Thousands of black-clad demonstrators braved tear gas and rain for 79 days in Hong Kong’s 2014 “Umbrella Movement.” The lessons of that agitation appear to have made the city’s protesters swifter and better prepared in some of their latest attempts to weather police action.
The young citizens who crowded into the streets this week to protest a bill that would allow extradition to mainland China used the Telegram encrypted messaging app to share locations. They handed out surgical masks for protection against pepper spray and tear gas, and crucially, to hide their faces from the police. They turned cars and trucks into roadblocks in the middle of highways. And they set up supply stations throughout the demonstration, acting more quickly than they did five years ago.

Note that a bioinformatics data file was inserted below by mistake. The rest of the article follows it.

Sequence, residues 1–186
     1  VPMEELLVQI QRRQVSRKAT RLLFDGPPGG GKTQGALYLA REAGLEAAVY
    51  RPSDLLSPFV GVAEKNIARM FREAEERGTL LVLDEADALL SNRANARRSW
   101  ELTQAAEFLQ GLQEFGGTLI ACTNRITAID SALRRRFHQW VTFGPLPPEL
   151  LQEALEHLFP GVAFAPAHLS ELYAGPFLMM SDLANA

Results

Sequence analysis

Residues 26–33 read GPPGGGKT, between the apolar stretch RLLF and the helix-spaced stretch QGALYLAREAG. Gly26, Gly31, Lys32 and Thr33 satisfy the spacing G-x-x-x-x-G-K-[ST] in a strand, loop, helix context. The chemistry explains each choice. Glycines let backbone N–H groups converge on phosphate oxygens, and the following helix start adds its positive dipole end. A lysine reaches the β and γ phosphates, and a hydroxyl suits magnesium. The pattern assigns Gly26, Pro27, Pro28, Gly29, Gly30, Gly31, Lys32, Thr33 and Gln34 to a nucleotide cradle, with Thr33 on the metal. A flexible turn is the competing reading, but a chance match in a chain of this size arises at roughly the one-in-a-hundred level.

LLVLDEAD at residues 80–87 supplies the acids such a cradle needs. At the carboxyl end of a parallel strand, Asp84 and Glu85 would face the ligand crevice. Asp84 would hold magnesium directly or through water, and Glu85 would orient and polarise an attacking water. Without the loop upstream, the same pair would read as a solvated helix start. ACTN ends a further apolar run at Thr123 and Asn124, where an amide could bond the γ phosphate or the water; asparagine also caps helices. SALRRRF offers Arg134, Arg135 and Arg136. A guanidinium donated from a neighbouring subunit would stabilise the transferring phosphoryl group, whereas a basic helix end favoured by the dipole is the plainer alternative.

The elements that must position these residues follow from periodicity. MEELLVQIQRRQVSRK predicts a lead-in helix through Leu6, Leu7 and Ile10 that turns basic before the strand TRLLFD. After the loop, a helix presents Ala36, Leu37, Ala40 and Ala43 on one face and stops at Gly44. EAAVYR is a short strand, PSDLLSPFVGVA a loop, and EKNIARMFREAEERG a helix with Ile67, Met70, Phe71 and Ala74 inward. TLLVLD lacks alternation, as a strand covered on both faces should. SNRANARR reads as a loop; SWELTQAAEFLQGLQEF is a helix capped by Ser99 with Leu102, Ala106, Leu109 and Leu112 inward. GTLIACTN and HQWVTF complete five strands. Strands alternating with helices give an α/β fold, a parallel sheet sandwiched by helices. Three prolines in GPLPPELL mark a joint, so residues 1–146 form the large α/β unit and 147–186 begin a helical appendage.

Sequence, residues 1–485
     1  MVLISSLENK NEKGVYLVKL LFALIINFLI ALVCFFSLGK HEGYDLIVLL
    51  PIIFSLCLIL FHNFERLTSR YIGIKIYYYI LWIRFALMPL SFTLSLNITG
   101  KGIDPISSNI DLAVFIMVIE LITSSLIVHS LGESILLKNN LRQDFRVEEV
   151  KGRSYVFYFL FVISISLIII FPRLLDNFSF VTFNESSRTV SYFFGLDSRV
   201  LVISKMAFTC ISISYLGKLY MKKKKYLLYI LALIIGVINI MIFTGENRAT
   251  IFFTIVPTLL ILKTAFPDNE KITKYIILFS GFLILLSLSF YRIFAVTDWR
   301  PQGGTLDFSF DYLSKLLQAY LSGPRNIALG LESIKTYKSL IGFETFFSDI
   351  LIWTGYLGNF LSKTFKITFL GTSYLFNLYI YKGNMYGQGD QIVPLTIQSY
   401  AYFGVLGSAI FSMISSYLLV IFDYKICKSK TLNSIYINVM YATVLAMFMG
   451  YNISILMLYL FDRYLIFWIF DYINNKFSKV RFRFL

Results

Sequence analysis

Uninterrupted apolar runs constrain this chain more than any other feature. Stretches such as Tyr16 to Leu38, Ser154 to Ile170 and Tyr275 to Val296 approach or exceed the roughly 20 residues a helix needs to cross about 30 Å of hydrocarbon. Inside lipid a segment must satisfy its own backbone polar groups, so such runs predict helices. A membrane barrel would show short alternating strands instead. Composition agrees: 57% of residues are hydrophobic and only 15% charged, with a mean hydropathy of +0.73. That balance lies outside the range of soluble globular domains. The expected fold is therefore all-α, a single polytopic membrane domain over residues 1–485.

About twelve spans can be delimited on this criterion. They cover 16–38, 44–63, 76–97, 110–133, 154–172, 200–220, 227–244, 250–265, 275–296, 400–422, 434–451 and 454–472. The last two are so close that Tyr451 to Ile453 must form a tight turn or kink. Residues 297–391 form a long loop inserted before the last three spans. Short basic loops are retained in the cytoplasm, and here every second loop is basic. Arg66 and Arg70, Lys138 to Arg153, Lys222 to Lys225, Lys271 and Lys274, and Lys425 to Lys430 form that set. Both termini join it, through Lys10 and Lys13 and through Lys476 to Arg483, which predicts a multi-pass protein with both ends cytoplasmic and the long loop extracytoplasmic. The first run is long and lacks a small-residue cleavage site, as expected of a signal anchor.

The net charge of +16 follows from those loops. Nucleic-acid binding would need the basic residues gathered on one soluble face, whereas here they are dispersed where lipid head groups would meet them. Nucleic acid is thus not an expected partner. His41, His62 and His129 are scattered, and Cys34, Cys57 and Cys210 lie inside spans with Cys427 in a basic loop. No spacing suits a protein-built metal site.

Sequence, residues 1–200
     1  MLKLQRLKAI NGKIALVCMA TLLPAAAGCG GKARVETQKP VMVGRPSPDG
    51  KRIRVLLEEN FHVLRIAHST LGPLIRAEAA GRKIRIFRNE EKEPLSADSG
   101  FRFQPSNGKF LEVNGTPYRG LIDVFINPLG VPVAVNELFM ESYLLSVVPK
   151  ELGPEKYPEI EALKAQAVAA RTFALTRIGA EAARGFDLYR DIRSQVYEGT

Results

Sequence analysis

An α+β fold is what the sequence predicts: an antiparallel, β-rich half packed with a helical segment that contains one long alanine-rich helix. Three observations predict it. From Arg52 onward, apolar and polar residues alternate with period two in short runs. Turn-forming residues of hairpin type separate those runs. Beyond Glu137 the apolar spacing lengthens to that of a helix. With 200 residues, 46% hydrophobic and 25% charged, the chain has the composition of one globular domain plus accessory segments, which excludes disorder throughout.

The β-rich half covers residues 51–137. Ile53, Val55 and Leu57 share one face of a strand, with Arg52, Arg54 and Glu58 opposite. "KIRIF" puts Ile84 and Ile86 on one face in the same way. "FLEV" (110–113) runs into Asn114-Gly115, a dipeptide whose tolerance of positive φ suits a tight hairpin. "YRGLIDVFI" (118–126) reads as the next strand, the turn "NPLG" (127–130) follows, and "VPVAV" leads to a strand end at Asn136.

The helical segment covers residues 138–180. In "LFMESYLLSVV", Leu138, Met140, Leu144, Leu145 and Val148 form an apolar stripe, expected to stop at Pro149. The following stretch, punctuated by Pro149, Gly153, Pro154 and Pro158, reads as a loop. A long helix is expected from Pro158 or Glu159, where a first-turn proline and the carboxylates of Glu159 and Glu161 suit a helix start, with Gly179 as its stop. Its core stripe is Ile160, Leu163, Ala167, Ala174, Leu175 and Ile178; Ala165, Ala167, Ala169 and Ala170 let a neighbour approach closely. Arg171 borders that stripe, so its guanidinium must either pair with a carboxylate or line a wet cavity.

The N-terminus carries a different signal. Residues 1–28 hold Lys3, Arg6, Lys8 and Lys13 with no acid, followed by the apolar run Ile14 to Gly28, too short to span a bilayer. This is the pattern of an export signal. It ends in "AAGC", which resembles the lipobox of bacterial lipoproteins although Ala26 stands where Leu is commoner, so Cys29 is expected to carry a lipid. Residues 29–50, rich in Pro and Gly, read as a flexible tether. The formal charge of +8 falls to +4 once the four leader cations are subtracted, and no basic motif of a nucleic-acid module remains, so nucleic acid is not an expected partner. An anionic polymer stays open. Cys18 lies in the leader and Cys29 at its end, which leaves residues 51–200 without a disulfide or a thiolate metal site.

“It’s a real genius of Hong Kong people,” said Kong Tsung-gan, author of Umbrella: A Political Tale from Hong Kong. “There are no pre-existing structures and before you know it, they’re there.”
At the same time, Hong Kong’s police also appeared better equipped in their efforts to disperse the crowd — and more determined to prevent a repeat of 2014’s extended sit-in. In full anti-riot gear, they used pepper spray and fired rounds of tear gas, rubber bullets and bean bags, making it harder for demonstrators to hold their ground. The police said they’d fired about 150 rounds of tear gas in Wednesday’s melee, almost double the 87 rounds fired in the entirety of the Umbrella Movement.